O’Brien reiterates the enormous influence that John’s relationship with his father had on his development as a magician and a politican—like many other great politicians, he used his humiliating experiences as a child as a springboard for pursuing popularity and likability, which naturally pushed him to pursue politics. Implied here, again, in the way John fits into this broader pattern of behavior, is just how responsible John is for his choices—this is a question that is never resolved.
Tony Carbo says that John repressed his terrible experiences in Vietnam, to the point where John himself barely remembered them, and no one else, including Kathy and Tony himself, thought they existed. John and Kathy were a happy couple, Tony reports, and their future looked bright. Then, during his Senate run, John’s secrets came out, as all secrets inevitably do during a national campaign. In the end, Tony concludes, John fooled himself.
Tony is more insightful about John than most of the other characters. He recognizes what O’Brien has already made clear: John was adept at fooling others, but he was equally adept at fooling himself, repressing his memories of Vietnam for years and years. John tricked others, but also himself. He was both a victimizer, and a victim.
Eleanor reports that John was yelling at his father’s funeral—she thinks that John never accepted his father’s death, since for years afterwards she heard him having conversations with his father in his bedroom. Richard E. Ellis, author of a book on child development, says that children whose parents die unexpectedly often carry issues of abandonment with them into adulthood. Robert Karen suggests that shame is often acquired at a very young age.
Ellis and Karen provide scientific basis for the idea O’Brien has been floating around for hundreds of pages already: John’s father’s death gave John a sense of guilt that encouraged him to pursue love from other people, whether as a politican or as a husband to Kathy.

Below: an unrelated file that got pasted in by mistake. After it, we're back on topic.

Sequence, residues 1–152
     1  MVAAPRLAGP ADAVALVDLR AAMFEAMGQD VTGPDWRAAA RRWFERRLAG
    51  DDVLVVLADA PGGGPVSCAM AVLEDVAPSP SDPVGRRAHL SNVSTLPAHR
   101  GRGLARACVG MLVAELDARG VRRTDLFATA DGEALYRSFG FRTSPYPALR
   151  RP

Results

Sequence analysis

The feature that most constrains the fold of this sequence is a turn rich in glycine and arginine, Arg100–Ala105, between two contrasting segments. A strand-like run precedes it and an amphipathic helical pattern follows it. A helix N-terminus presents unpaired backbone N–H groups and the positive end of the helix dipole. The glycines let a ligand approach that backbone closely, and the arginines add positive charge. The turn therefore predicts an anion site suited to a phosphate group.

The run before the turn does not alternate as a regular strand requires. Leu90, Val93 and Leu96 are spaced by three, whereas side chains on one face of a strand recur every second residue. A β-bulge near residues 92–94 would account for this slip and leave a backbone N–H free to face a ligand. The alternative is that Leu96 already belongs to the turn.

Richard Thinbill, at a court-martial, explains that a soldier nicknamed Sorcerer shot an old man “by accident.” The questioners ask Thinbill to remember the soldier’s real name, and Thinbill says that he remembers. Thinbill also says that the ditches near My Lai stunk, and there were flies everywhere. At night, the flies glowed in the dark, and make the forest look like the “spirit world.”
Here, Thinbill’s quotations help to explain how information about John’s participation in My Lai got out, causing him to lose in a huge landslide. The flies now refer not just to the actual flies flitting about post-massacre but to the guild that never stops flitting about the soldiers. The quote about the spirit world suggests the constant haunting of Vietnam in the minds of the soldiers who fought there.
The chapter ends with the footnote that the narrator had previous urged the reader to pair with Pat’s quote about being obsessed with “the dentist.” The narrator, speaking in the first person for the first time, agrees with Thinbill that Vietnam was the spirit world: there were ghosts and graveyards everywhere. The narrator claims to have arrived in Vietnam a year after John got there. When he saw My Lai, he understood why the massacre occurred: “it was the sunlight.” There was a feeling of unknowable wickedness, he continues, in the environment. Other factors that contributed to the massacre include frustration and rage at the enemy in Vietnam, which was often difficult to find. The narrator insists that he isn’t trying to justify the My Lai massacre, but he also admits that he, like John, felt the sunlight, and felt the potential for butchery underneath his eyes.
This is the most substantial self-portrait the narrator has given us so far. We see that the narrator has his own thoughts and feelings—indeed, he was in Vietnam a year after John. In real life, Tim O’Brien was in Vietnam at the same time as the narrator, and was in the same company that committed the My Lai massacre, but arrived in Vietnam after the massacre took place. Still, it would be a mistake to equate O’Brien with the narrator of this novel—the narrator, like John Wade, is also fictional, also a product of the “magic” of fiction that makes imaginary people seem real. The narrator’s statements about the sunlight at My Lai can be taken any number of ways, but it’s very important to keep in mind that he’s not justifying the massacre at all. On the contrary, he’s suggesting that all humans—even those who didn’t fight in Vietnam—have the potential to do “butchery.” It’s arrogant and hypocritical, perhaps, to blame the soldiers in Vietnam for their actions and call them evil—they were acting on the basis of human nature, the narrator suggests.